At Least He Didn’t Take It For a Joy-Ride

I got the call as I was pulling out of the parking lot. “Eli’s locked himself in the car!”

We’d taken Eli to the pediatric dentist for the first time. I’d met Misty and Eli there, where Eli was busy shrieking with excitement as he ran around the mockup of the Apollo capsule that was in the waiting room. (You do know that Huntsville calls itself “Rocket City,” right? We’ve even got a rocket Jesus.) The whole thing turned out to be very low-stress, as they just counted his teeth and asked us questions about him. This was more of a get-acquainted visit, to let Eli get used to the platonic ideal of the dentist with toys and fun nurses and no scary drills or anything anywhere, pay no attention to that high-pitched whine behind the curtain. “Say ‘aaah,'” the dentist told Eli, and “Aaaah!” he said excitedly before trying to bite the dental pick.

Misty was letting Eli play with the remote control key fob while we talked to a friend we ran into in the parking lot. Misty then put Eli in his seat and I went to my truck to drive back to work.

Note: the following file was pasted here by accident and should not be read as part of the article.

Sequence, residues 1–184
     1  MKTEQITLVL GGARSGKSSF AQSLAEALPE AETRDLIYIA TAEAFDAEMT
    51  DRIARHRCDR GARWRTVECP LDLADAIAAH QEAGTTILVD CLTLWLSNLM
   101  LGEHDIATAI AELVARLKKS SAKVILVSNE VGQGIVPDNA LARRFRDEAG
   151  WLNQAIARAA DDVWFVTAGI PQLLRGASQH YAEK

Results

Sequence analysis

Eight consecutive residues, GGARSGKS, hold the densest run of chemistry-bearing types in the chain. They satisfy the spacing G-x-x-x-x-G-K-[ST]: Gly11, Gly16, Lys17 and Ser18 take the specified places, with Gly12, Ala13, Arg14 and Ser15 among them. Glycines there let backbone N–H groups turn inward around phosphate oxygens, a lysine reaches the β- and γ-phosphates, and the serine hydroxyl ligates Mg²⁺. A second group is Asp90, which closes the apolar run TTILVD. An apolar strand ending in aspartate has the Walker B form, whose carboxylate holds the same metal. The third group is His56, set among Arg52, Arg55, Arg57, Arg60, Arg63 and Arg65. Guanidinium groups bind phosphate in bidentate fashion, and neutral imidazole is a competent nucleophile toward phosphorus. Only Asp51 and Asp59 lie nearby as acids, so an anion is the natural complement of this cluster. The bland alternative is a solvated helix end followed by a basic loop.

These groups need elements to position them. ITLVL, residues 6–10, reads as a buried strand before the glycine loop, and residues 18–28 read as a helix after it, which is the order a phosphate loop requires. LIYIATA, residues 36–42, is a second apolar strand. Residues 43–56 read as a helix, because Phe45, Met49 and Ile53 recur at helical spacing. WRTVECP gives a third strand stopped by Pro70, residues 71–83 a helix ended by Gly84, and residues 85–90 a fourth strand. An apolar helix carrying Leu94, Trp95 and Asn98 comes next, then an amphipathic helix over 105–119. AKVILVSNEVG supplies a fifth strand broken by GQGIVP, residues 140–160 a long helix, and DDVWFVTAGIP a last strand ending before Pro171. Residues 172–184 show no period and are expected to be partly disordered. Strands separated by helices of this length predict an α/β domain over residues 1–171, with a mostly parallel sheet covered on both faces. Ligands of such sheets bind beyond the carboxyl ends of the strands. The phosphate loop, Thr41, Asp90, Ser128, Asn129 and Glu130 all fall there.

Only, it didn’t go the way we’d planned. Eli locked the car with the remote control, and when Misty strapped him into his car seat, the keys fell into the seat next to him. She shut the door, went to open the driver’s door…and realized what had happened.

I don’t normally carry keys for the car, and it’s a twenty-five or thirty minute round trip to go back home, get keys, and return. I made a hasty u-turn and found myself right behind a police car. “What about the cops? Think they could open the car?”

“Maybe,” Misty said doubtfully. Imagining how upset Eli was going to get, I decided to risk the short-cut. I followed the police car until it pulled into a brick building. I pulled in behind him, hoping I wouldn’t sound too crazed. Then I looked at the building. It was a police station.

Well, how about that? However, the nice man behind the counter explained that the police didn’t carry slim jims any more. I ran back to my car. Maybe no one would notice me spinning out in my haste. Misty called, and I told her what the policeman had told me. “That’s funny, I just called and they said they were sending someone to help.” Right then a fire truck turned onto the street in front of me, siren going and lights flashing. I followed.

Sure enough, they lept out of the truck and went to work with their own slim jim. I joined the small crowd around our car. “Are you the locksmith?” one of the firemen asked. “He’s the husband!” Misty replied. Eli was laughing and giggling inside. “We’ve made a game out of it,” Misty said, “so he won’t be upset.”

The firemen had that door open in thirty seconds. We pulled Eli out, no worse for his experience. He wasn’t sad until the fire truck drove away.

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